June 01, 2021
Export controls have been used for decades to protect U.S. technology with military applications. In recent years, however, these controls have expanded to such an extent that some investments or acquisitions in certain U.S. companies may now be precluded. The U.S. government has long sought to control the export of defense articles and services, as well as “dual-use” U.S.-origin civilian products, materials, technology, technical data and software that have potential military applications. New legislation and regulations over the last several years have expanded that reach, making export controls an additional tool for controlling foreign direct investment. It is therefore important for foreign investors to examine this risk very early in the due diligence process by checking if an export license is required for access to a U.S. target’s technology and whether such a license is likely to be granted.
The Foreign Investment Risk Review Modernization Act of 2018 (FIRRMA), which overhauled the rules governing national security reviews undertaken by the Committee on Foreign Investment in the United States (CFIUS), was intended to protect the technological edge held by the United States by preventing companies from perceived geopolitical adversaries from gaining access to next-generation technologies. For this reason, Congress also enacted and substantively linked companion legislation, the Export Control Reform Act of 2018 (ECRA), which restored the statutory authority for export controls and significantly expanded the government’s current practice in several important areas. FIRRMA includes the “Sense of the Congress” that “the national security landscape has shifted in recent years, and so has the nature of the investments that pose the greatest potential risk to national security, which warrants an appropriate modernization of the processes and authorities of [CFIUS] and of the United States export control system.”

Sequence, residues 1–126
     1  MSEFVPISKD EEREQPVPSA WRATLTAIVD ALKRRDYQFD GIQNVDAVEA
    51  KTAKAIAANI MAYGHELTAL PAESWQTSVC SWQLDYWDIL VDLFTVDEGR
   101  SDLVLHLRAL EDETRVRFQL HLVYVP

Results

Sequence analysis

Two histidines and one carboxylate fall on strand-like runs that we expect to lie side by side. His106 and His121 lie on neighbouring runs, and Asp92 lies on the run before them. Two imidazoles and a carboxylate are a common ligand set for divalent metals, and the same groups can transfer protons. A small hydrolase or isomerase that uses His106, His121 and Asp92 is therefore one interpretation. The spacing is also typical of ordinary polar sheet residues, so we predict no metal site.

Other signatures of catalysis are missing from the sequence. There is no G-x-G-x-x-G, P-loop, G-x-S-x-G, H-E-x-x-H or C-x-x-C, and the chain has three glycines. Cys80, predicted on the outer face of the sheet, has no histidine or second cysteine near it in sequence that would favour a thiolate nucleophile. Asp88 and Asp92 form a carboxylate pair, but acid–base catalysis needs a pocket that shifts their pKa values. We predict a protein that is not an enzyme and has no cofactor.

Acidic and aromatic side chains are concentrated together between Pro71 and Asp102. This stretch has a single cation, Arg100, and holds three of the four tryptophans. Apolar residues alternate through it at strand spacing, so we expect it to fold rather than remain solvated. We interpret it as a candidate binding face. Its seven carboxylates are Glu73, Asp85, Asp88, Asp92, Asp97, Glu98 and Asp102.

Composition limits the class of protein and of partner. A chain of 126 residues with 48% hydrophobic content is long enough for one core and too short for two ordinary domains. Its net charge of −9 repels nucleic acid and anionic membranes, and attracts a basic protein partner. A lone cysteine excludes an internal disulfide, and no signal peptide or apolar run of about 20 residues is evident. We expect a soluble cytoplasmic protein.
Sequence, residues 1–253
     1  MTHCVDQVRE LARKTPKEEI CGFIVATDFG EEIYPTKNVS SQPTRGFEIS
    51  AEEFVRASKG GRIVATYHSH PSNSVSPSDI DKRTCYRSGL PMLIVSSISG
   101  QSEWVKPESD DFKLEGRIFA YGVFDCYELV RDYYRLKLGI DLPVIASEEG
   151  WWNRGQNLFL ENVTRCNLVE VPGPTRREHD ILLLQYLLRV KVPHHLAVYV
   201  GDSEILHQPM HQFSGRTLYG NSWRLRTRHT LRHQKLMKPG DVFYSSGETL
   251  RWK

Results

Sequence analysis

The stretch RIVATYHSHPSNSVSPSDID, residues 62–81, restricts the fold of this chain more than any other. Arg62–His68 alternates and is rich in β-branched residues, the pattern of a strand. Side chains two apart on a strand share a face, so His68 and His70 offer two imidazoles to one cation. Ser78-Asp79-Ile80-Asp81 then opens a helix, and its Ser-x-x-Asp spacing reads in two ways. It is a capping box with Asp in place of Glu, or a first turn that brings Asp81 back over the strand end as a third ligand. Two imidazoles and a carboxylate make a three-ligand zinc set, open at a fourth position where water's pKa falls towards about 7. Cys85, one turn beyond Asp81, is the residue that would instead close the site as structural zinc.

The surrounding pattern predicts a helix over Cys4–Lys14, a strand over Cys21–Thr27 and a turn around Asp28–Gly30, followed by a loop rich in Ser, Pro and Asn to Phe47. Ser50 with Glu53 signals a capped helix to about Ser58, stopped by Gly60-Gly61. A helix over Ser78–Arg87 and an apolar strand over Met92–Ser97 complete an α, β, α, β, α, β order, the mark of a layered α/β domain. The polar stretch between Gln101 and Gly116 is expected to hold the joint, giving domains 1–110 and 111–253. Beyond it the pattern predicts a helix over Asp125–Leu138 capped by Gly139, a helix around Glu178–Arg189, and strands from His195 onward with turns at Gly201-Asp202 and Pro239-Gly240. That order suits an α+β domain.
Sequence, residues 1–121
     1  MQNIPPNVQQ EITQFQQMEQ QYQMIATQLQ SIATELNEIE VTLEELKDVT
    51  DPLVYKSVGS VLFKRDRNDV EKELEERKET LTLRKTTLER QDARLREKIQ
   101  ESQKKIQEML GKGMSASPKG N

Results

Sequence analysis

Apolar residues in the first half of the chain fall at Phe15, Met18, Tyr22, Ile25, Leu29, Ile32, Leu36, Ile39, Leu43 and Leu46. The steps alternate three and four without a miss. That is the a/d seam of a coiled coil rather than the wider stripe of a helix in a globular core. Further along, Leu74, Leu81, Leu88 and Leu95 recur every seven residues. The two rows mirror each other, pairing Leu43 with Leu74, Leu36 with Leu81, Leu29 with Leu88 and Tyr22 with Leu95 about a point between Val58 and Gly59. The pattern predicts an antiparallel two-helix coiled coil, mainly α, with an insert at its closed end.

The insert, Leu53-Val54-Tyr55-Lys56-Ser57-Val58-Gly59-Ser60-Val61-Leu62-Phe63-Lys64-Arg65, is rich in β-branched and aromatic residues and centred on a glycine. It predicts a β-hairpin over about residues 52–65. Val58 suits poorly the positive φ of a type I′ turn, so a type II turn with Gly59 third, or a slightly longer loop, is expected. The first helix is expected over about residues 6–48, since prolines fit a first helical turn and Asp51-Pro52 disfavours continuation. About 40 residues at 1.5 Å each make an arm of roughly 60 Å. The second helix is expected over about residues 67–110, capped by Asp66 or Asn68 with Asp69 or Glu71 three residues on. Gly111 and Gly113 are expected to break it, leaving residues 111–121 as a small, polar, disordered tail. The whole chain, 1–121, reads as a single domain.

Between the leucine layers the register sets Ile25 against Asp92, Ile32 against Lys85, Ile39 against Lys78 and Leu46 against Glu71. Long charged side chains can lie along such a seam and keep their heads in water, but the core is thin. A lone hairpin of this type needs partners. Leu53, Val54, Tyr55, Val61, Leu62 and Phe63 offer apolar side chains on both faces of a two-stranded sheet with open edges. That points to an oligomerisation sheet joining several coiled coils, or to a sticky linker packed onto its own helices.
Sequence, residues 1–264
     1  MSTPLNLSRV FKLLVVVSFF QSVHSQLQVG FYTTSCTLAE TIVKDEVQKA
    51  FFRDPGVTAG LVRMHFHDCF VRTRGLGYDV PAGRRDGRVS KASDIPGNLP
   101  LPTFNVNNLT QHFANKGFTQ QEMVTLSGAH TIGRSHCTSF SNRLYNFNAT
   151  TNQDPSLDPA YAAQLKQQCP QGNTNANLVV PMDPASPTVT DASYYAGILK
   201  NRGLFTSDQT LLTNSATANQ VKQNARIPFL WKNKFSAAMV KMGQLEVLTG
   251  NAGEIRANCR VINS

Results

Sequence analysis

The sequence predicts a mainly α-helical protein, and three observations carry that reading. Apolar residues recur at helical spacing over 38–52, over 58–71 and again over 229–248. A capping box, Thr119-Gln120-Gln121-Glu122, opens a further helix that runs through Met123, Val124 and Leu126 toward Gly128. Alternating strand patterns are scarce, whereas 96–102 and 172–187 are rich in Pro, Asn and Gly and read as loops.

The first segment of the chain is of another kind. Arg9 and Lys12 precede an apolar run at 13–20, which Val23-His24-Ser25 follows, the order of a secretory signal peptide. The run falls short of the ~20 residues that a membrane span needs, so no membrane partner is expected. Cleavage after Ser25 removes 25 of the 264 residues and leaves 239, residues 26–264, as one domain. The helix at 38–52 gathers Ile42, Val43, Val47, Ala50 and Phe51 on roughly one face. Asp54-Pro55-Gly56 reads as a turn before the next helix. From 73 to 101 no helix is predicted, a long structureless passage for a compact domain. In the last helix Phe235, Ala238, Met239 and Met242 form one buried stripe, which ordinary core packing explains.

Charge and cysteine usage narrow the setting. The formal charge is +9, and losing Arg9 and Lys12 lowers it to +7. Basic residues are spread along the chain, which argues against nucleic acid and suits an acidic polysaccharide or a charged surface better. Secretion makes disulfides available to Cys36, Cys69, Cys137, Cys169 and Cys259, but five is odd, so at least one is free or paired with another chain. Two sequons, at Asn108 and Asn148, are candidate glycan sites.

FIRRMA and its implementing regulations establish mandatory CFIUS filings for certain foreign investments in three categories of U.S. businesses. One of these categories includes certain transactions involving a foreign investment in a U.S. business that produces, designs, tests, manufactures, fabricates or develops a U.S. critical technology, which is defined as certain items controlled for export under various authorities including the following:
By defining critical technology this way, FIRRMA clearly links the responsibilities of CFIUS with those CFIUS member agencies that administer U.S. export control laws, especially the U.S. Department of Commerce.
While early versions of FIRRMA would have given CFIUS broader authority to review technology transfers, export control reform was eventually carved out into companion legislation. ECRA requires interagency coordination among those departments that administer export control laws and with the Director of National Intelligence. It also adds the ability to control services related to certain dual-use controlled items and technology, similar to the ITAR. It increases the level of civilian fines and codifies the level of criminal fines and penalties. ECRA greatly expands enforcement authority to include, among other things, undercover investigations and investigations outside of the United States, the execution of subpoenas and search warrants, as well as the ability to inspect, search, detain, seize and carry firearms. And, finally, ECRA sets out the process, run by the U.S. Department of Commerce, for determining whether a technology is emerging or foundational and controlling it for export under EAR.
The Trump Administration began implementation of both FIRRMA and ECRA immediately after enactment and rolled out new regulations over the following two years.
While many regulatory or policy actions that were pending before President Biden’s inauguration were placed on hold for review by the incoming administration, those implementing ECRA have, so far, generally proceeded on schedule. For example, in its first 100 days, the Biden Administration:
Export controls have long been in effect and an important consideration in any cross-border investment. These new rules, which implement the government’s view that export controls should be used to control foreign investment in addition to just controlling the technology, however, make it a critical component of due diligence and transaction planning:
Just as critical is ascertaining whether a mandatory notification to CFIUS is required, as it is in any transaction involving the critical technology discussed here. Failure to make a mandatory filing can result in a civil penalty up to $250,000 or the value of the transaction, whichever is greater, in addition to potential unwinding of the investment.
Special thanks to Lisa Raisner, Head of Government Relations, who co-authored this publication.